Meet Adam Neely

I'm going to try to avoid going back to too many wells as I carry on with this little project, but I can already tell you that my first mention of Adam Neely won't be my last.  After all, he's part of what's inspired me to do this in the first place.

Adam Neely is a young jazz bassist, composer, and educator who lives in Brooklyn.  He is also far and away the best maker of educational videos of any kind that I've encountered on YouTube.  His videos are clear, thoughtful, both informed and informative, frequently clever, and at times they're very funny.  He has two long-running Q&A series where he answers questions about music or critiques compositions and performances that are submitted to him, and it's kind of inspiring to watch him find things to say that are both true and not unkind.

At heart, Neely is passionately interested in understanding how music works.  That is, what happens in our brains as we apprehend music, either as listeners or as performers?  What do we hear?  What can we hear?  How do we translate what we hear into meaning, and is "meaning" even the right word for what we're translating it into?  He's not a guy who's just noodling around with this stuff, either; his videos often cover recent papers in neuropsychology, and he frequently interviews academic experts in the field.  (There's one video where he documents his experience as a test subject.)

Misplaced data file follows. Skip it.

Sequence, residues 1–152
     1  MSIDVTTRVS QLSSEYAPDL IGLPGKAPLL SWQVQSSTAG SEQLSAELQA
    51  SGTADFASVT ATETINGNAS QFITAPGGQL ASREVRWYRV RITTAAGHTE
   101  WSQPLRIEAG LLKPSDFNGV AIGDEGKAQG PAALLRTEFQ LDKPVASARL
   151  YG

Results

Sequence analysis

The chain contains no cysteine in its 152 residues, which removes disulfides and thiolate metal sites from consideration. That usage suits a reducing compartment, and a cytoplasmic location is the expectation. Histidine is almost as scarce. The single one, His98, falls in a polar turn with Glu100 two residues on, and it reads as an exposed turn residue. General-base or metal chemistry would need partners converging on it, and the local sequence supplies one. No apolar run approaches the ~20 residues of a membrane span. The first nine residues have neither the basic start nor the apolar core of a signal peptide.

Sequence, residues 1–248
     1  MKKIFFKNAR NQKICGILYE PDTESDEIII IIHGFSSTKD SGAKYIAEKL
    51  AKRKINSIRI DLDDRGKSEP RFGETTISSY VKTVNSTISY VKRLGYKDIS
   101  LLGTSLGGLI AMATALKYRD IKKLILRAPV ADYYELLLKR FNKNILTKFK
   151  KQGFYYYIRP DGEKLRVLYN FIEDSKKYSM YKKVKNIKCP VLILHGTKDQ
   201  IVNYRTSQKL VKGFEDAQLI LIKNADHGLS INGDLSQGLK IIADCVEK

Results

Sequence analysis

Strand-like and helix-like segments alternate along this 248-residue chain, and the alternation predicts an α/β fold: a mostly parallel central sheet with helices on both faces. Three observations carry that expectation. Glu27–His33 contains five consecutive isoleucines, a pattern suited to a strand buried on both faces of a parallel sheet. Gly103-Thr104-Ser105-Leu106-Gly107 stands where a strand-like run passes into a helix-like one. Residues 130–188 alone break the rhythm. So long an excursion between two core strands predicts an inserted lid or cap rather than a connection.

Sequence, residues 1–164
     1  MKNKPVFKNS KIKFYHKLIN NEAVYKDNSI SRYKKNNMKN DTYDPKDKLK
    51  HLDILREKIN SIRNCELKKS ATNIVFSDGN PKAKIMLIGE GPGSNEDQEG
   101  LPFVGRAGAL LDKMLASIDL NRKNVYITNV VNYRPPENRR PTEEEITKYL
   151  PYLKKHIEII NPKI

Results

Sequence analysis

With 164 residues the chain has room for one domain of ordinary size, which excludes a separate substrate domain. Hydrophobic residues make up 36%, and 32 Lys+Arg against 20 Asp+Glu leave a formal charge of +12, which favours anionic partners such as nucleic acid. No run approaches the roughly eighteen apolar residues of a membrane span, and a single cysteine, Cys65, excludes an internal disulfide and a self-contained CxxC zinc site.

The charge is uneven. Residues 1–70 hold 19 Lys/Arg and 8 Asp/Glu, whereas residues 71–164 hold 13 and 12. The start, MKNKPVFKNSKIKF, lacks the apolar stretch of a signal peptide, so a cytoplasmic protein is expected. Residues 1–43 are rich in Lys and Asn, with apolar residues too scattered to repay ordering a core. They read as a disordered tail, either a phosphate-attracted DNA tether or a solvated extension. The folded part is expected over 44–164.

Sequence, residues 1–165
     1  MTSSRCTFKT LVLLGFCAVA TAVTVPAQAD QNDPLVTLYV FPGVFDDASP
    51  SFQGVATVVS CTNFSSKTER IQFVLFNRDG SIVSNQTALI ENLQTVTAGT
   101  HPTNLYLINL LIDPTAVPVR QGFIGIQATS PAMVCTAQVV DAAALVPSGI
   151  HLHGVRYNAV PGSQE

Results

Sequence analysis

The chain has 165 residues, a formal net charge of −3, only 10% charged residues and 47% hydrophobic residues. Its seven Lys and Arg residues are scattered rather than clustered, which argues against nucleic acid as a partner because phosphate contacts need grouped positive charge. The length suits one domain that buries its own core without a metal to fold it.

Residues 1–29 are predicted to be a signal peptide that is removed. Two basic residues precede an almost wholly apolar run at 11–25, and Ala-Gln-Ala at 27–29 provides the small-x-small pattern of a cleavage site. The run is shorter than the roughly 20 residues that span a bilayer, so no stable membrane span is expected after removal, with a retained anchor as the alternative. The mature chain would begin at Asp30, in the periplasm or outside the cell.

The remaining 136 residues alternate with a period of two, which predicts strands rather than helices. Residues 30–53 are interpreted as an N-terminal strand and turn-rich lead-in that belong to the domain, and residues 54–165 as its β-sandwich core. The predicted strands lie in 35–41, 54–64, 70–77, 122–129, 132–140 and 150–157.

His videos almost always include links to the works cited and suggestions for further reading.  (The links of this video contain a section labeled "BOBBY MCFERRIN IS A BEAST", and if you've been following me you've already seen one of them.)

If you want to learn a lot about music, watching Neely's videos is a good way to do it.

The video I've linked to here covers an interesting question:  When you practice, you're developing and strengthening neural pathways in your brain.  How does that work?

To avoid spoiling it, I'll just say that Neely seems genuinely surprised and maybe even a little disconcerted by the results of the experiment that he runs on himself.


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